As a leadership coach, I receive many inquiries about the value of coaching. The other day, I had just such a call. The man had gotten my name from a trusted friend who recommended my services. As he described the details of his challenge, I heard the familiar ring of frustration. He catalogued what he had tried that should have worked. Not wanting to appear the fool, he established that he was accustomed to successfully solving his own problems, yet was baffled as to why this particular issue plagued him.
I actually like it when I hear this level of frustration: not because I’m cruel or unfeeling. When clients are frustrated, this signals that the issues are personally important and relevant to their business but there is something blocking their way. They seek out coaching, often with the mistaken notion that I’m going to have all the answers.
As I fielded questions about my business experience, the prospective client tried to sort out whether he thought I had the background and knowledge to come up with the right solution. The truth is, I don’t have a solution; I do have proven approaches that facilitate the client’s personal development that empowers their progress towards their goals.
While there are many aspects of coaching I could highlight, some of the most rewarding coaching engagements relate to clearing blocks. Blocks can be internal or external but what they have in common is that they persistently hold us back.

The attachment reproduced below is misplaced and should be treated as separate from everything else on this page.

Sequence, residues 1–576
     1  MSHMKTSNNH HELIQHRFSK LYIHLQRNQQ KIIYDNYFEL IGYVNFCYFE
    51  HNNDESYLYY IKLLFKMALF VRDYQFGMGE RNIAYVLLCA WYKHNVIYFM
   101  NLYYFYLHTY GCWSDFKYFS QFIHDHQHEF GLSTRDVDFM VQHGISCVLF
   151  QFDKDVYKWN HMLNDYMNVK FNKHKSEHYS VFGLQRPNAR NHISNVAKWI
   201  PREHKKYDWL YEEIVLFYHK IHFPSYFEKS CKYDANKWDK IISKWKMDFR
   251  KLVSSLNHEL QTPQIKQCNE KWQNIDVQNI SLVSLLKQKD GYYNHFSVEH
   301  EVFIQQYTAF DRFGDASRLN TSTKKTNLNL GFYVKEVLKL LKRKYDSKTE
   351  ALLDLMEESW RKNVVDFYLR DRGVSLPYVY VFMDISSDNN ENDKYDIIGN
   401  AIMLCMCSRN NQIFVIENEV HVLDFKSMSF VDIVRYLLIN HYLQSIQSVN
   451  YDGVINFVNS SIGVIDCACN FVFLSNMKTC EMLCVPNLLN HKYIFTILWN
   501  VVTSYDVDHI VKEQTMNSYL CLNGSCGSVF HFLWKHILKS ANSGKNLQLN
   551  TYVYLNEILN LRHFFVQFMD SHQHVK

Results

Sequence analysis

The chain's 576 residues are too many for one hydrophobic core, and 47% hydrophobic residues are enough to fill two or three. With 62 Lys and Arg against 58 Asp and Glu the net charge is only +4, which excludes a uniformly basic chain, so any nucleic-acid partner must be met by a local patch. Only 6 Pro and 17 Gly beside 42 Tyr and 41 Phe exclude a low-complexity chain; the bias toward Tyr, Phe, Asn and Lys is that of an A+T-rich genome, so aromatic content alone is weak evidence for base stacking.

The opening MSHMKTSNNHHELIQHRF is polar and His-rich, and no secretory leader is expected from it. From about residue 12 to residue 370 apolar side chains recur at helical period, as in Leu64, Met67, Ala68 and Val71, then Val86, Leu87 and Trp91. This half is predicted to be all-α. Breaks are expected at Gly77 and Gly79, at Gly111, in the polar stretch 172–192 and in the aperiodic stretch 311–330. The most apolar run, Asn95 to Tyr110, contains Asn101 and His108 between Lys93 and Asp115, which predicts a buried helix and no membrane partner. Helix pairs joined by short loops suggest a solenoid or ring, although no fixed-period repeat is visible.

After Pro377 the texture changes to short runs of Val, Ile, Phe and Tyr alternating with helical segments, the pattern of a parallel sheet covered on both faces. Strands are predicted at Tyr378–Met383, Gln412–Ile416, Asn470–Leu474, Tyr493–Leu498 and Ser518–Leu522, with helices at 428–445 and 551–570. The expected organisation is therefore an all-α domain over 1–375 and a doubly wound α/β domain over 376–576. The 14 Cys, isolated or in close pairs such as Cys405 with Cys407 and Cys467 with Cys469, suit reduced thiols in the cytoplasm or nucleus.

Beliefs as Blocker
All of us hold misaligned or outdated personal beliefs that hold us back. The coach’s job is to facilitate the identification and expression of the client’s unconscious beliefs. By raising our unconscious beliefs to a conscious level, we can choose a more constructive and truthful mindset that enables us to see with new eyes.
Emotions as Blocker
At times our block is an unexamined fear or worry. The most disabling cases seem to be when an undeclared fear is conjoined with a declared desire. When this happens, it’s like we’re driving with our foot on the brake and the gas at the same time; there’s lot of energy but it’s going nowhere.
The coaching environment creates the confidential context where these emotions can be voiced and disempowered. Once the foot comes off the brake, forward mobility occurs.
Lack of Confidence as Blocker
This blocker may be a lack of confidence turned inward or may be projected externally onto others. When we are internally focused, low self-confidence dampens our performance since we habitually withhold our best effort. This in turn creates a self-fulfilling dynamic of perceived inadequacy and failure. This is resolved when our self-sabotaging is replaced with a more realistic and supportive mindset.
When the lack of confidence is projected on to others, it seems to manifest in the perceived need for control that often generates unintended negative consequences. Once the underlying beliefs are surfaced and examined we can reframe our perspective that holds others as capable and well intentioned.
Strength as Blocker
It seems that many high-performers are challenged with the overuse of their signature strength, which is understandable. After all, their success in the past may be largely attributed to this approach. By supporting the client’s identification of the optimal use of their strength and identifying where they are overusing it, we are able to create space for experimentation of new skills and approaches.
Whatever your block, a coach can support and facilitate your ability to move forward, without telling you what to do. Really.
Marion Howell will be continuing the dialogue on overcoming barriers to performance at the next THRIVE Leadership breakfast on April 7, 2015 at the Tyndale Leadership Centre. If you’d like to join us while spots are still open, register online now.